Week 9: Red Zone Rush Touchdowns: New Opportunities Arising
By Jen Ryan
(Reference Link: http://www.footballdiehards.com/fantasy_football_target_stats.cfm)
(Reference Link: http://www.footballdiehards.com/fantasyfootballtargets/fantasy-football-target-stats.cfm)
(Reference Link: http://www.footballdiehards.com/fantasy_football_Redzone_stats.cfm)
Injuries have ended the season for Jamaal Charles, Arian Foster, Le’Veon Bell, and Khiry Robinson to name a few. Off field issues have effectively ended Joseph Randle’s season. When it is time for the next man up it becomes interesting to project what role their replacements or teammates may have going forward. Last week alone saw Bell and Robinson’s seasons end and Randle’s as well. Using our Rushing Red Zone Stats tool I looked at these players and how their void may be filled.
Khiry Robinson: 4 red zone TD, 4 total TD
Mark Ingram has, and will continue to be, the New Orleans Saints dominant back but Khiry Robinson vulture his fair share of red zone work. He accounted for 24% of the Saints red zone touches. Ingram currently accounts for 66% of those touches and you would have to assume that he will eat up a majority of Robinson’s now available opportunities.
C.J. Spiller now becomes fantasy relevant. He has disappointed much of this season despite the preseason hype that surrounded him. If he were to step into this Robinson role the Saints backfield could look almost exactly the same. Spiller has three red zone touches this season for 18 yards. That is the extent of his production in the red zone. Ingram owners assume he will no longer be vultured at the goal line but I would not rule that out. Ingram in his own right has six red zone rushing touchdowns. I expect him to be given more opportunity in scoring situations but Spiller is a threat in my eyes. His role will increase for sure, but how and where remains to be seen.
Joseph Randle: 2 red zone TD, 4 total TD
The Dallas Cowboys backfield has not been a consistent one where an individual player is the leader of the pack. The release of Joseph Randle this week leaves Darren McFadden as the longest tenured Cowboys’ running back on the roster. Christine Michael and Rod Smith were in-season acquisitions. Trey Williams was picked up last week and likely will remain inactive for a few weeks. There is not much sense to make of this backfield but we can certainly try.
Until McFadden suffers an injury, which he is always likely to do, we can assume the he will be handling the majority of the work for the Cowboys. He has shown he can handle a larger workload, logging 49 carries over his past two games. He has also proven to be a factor in the passing game with eight catches for 59 yards in his past two contests. These were numbers he was producing with Randle in the picture. He is now gone and McFadden has a chance to retain the “starting” role in Dallas this week.
Randle was being used on 44% of Dallas’ red zone drives prior to being released this week. McFadden, on the other hand, accounts for 50% of the red zone plays. He has two touchdowns this season both of which came in the red zone. There is no reason to believe anyone else will be used down there at this time. It is McFadden’s job to lose. The biggest threat to his red zone production is Matt Cassel, who has a difficult time getting down there. When Tony Romo returns, McFadden may be one of the more discussed running backs out there.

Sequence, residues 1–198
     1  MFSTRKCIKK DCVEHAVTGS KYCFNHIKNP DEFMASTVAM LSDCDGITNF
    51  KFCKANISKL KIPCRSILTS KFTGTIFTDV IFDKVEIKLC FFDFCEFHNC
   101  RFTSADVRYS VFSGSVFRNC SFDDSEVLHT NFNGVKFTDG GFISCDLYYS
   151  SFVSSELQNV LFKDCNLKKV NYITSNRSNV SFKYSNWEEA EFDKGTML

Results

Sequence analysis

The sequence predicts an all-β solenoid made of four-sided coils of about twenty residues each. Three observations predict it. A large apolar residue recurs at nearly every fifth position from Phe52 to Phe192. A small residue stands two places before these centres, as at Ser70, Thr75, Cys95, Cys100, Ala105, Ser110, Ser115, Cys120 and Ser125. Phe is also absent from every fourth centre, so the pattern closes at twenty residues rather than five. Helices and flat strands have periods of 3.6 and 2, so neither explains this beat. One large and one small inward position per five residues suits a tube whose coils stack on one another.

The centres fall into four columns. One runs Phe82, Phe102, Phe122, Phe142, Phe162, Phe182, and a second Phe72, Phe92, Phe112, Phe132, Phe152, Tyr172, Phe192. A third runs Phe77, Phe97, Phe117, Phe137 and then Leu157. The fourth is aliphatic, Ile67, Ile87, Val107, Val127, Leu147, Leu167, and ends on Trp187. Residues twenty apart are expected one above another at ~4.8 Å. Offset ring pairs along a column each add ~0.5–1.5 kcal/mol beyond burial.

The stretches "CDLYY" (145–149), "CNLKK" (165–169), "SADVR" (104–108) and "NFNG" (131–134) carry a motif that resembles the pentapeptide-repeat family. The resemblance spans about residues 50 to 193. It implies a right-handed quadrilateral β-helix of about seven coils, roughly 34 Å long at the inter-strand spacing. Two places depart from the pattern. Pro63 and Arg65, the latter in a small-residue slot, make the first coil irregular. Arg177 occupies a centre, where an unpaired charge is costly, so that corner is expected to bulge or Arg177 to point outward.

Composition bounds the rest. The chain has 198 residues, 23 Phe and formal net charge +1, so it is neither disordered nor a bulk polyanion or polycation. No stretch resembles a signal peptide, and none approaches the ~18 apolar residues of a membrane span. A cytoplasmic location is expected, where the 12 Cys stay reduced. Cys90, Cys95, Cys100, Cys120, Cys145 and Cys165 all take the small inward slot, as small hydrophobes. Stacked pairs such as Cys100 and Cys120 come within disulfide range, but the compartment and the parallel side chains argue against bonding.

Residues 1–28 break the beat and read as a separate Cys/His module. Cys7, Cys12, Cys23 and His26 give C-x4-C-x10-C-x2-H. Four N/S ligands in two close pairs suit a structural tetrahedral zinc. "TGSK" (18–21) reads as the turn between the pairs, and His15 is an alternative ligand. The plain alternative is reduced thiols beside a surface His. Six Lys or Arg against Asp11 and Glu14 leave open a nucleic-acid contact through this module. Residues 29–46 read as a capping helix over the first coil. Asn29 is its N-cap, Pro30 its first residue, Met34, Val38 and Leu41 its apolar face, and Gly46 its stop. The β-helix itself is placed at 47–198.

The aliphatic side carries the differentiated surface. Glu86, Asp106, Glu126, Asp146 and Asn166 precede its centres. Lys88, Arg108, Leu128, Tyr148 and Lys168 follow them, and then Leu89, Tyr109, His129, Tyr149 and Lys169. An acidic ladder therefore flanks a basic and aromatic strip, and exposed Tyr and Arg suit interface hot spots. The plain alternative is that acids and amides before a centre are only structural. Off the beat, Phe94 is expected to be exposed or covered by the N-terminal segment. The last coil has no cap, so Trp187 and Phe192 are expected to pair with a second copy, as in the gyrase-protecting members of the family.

Le’Veon Bell: 3 red zone TD, 3 total TD
Acquiring DeAngelo Williams in the off season is probably the most brilliant move the Pittsburgh Steelers pulled off this year. In their first two games without Le’Veon Bell, Williams was fantastic. In the season opener against the New England Patriots he took 21 carries for 127 yards. The following week against the San Francisco 49ers he took 20 carries for 77 yards and scored three touchdowns. After that, Bell returned and we did not hear much from Williams.
Bell is now on season-ending injured reserve. Williams has proved that he can be given the same workhorse touches that Bell has been given over the past few weeks. He is a legitimate RB1 going forward. Much like Bell I expect Williams to not be a victim of game script. Regardless of how the Steeler’s offense is performing he will be on the field. There is no one to threaten his production in the red zone or elsewhere.
Williams, who already has 15 red zone touches and accounts for 47% of the team’s red zone snaps, will be given more opportunities in scoring situations. He will have no problem picking up where Bell has left off. This is not to say that Bell is not the superior back because he is. This is to say that the Steelers showed in the first two weeks of the season that there is no hesitation in riding Williams. The key to his success over the next half of the season will be maintaining health.
Analyzing red zone usage is a big part of the fantasy football puzzle because that is where the most points can be generated. There is nothing more frustrating for a fantasy owner than to see their workhorse running back lose touches in the red zone. Our Rushing Red Zone Stats tool is so comprehensive. We break down touches, yards, touchdowns, 10 zone touchdowns, and usage percentages. These are all key factors in evaluating red zone usage. Looking beyond the numbers, I analyzed our tool this week coming from an angle of the “next man up” philosophy. Opportunity is everything in this game and these are just a few players who have new ones presented to them.